Where The Truth Lies

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Half Reel
 

 

Release Date: October 7, 2005
Runtime: 107 minutes
Rating: R
Studio: THINKFilm
Director: Atom Egoyan
Cast: Colin Firth; Kevin Bacon; Alison Lohman; Rachel Blanchard; David Hayman

This is an interesting little noir.  Not as tight as it could probably be, but still a twisty diversion.

Vince Collins (Colin Firth) and Lanny Morris (Kevin Bacon) are a Martin and Lewis style nightclub act in the late 1950s.  Telethons, hotel openings, and the like.  They are rock star famous and live their lives as such, with hookers, pills, booze…you know the drill.  One day in their New Jersey hotel suite, a chambermaid is found dead in a bathtub.  How did she get there?  How and why did she die?  Who is responsible?  Both Collins and Morris have airtight alibis, yet she was found in the bathtub in their hotel room.  Not long afterwards, their winning relationship falters and the duo breaks up.

Flash forward 15 years and budding investigative journalist Karen O’Connor (Alison Lohman) manages to secure a million dollar deal from a book publisher to interview Collins and get to the bottom of the mystery.  What she uncovers is probably a bit more than she bargained for.

This film would definitely fall into the ‘style over substance’ category of mainstream films.  The story is pure pulp, even dime store novel trashy, but director Atom Egoyan (“Exotica”) slathers on the gloss and visual sheen, as if the story needed to be any more lurid.  The California and Florida sunshine are bright and just a tad hazy, giving the impression that one is viewing the images with a slight hangover.  That’s probably a good mindset to be in while watching the film, since most of the characters are presented as perpetually hung-over themselves.  The film jumps back and forth from 1959 to 1972 with seeming abandon that can become irksome.  Flashbacks and forwards are fine, but there are a bunch right in the beginning that make the plot lineage more confusing than it should be up front.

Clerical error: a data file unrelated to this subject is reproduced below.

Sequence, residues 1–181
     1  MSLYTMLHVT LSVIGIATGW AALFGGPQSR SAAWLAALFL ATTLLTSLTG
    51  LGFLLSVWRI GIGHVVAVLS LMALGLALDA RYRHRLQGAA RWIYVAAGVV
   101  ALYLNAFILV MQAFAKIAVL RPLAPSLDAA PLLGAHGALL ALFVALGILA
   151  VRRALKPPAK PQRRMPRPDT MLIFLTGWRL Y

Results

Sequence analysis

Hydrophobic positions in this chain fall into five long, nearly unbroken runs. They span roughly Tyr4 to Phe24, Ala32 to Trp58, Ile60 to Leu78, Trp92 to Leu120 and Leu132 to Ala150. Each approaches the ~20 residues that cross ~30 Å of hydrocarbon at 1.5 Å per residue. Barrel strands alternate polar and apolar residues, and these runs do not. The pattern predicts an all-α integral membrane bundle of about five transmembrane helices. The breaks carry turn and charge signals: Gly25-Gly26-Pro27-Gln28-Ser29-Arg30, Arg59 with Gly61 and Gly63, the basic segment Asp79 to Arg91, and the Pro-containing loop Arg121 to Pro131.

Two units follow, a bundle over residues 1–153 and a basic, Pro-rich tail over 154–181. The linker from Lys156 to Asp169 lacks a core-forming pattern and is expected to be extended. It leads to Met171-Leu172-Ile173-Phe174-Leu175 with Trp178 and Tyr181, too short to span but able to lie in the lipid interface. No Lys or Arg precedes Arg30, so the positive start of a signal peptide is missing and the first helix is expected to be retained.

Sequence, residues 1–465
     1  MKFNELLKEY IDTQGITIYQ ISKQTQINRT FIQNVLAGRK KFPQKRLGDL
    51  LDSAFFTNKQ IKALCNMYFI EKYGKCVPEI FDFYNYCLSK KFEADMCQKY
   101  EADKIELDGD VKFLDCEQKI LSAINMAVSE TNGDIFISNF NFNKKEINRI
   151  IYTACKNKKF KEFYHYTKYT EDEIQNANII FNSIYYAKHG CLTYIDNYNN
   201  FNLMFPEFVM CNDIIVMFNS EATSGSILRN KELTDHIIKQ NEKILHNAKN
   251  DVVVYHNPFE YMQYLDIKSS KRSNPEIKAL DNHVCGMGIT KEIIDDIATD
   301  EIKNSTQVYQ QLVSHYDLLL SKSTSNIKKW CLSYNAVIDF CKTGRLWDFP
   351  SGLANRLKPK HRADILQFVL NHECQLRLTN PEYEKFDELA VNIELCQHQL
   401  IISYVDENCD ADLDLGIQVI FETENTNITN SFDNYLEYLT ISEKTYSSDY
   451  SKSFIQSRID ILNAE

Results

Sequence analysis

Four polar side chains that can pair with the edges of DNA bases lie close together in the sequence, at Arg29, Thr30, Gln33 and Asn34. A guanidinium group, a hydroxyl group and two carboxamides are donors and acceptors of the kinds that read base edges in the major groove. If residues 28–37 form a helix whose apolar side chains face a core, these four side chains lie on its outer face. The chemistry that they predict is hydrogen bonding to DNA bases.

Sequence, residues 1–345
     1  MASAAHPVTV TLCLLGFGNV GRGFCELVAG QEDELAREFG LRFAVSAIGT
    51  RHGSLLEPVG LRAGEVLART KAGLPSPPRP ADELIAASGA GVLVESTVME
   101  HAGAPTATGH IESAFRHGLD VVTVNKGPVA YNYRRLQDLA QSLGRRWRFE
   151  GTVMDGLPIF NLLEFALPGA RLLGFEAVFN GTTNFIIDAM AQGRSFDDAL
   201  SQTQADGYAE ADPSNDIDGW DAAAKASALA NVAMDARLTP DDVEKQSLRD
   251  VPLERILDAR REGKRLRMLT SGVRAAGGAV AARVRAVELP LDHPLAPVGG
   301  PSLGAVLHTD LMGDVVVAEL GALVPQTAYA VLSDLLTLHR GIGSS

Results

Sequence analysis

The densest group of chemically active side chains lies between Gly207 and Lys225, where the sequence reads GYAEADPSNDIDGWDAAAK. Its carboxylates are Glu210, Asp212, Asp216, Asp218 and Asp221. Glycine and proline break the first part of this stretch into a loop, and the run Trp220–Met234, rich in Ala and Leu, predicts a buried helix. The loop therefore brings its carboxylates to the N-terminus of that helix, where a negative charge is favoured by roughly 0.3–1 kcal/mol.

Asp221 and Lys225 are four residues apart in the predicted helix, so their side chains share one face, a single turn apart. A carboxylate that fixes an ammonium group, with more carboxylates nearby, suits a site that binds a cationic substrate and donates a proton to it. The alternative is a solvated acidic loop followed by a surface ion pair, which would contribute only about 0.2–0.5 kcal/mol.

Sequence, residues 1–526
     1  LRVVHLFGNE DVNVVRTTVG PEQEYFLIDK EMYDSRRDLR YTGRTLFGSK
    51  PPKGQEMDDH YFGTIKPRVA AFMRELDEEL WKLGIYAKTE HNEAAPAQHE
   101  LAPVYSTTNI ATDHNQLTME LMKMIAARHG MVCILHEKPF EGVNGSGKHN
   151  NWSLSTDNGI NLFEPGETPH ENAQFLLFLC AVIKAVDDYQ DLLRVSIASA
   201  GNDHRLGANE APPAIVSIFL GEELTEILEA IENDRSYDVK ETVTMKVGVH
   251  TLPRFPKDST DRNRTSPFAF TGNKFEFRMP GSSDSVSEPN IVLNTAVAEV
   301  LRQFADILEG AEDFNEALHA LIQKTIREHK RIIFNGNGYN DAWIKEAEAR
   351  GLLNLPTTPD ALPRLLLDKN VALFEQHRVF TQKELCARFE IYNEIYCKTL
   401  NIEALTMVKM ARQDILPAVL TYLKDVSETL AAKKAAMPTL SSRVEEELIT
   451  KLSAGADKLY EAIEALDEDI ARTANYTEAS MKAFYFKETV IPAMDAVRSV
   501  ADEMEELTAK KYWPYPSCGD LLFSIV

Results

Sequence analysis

The performances by all leads are fine.  Firth basically plays the same buttoned-up Brit he always plays, albeit a little sleazier than your typical Darcy, and Bacon adds another interesting role to his oeuvre.  Kevin Bacon really has grown into a substantial actor, taking roles that are not easy and more often than not, controversial and layered.  Such is the case with his Lanny Morris.  Bacon slowly uncovers the masks that conceal the true Morris, and he makes him a vivid and interesting character.  A lot of people have complained that Lohman is miscast in this role, but I didn’t think so.  She was just fine as the young, ingénue reporter, getting her story through not always ethical means.  She acted off of more seasoned pros like Firth and Bacon nicely and I had no problems with her.  Rachel Blanchard, as the doomed Maureen, also turned in a nicely layered performance that was more than just ‘the girl who gets killed,’ and David Hayman as Bacon’s faithful valet injects a certain world-weariness, seen-it-all-and-cleaned-it-up-ness to his part.

As mentioned before, the story is pulp, no two ways about it.  But it offers a twisty, although not really all that plausible, narrative and some surprises that I didn’t see coming.  Overall, a fairly decent noir and if noir is your thing, you could do worse.

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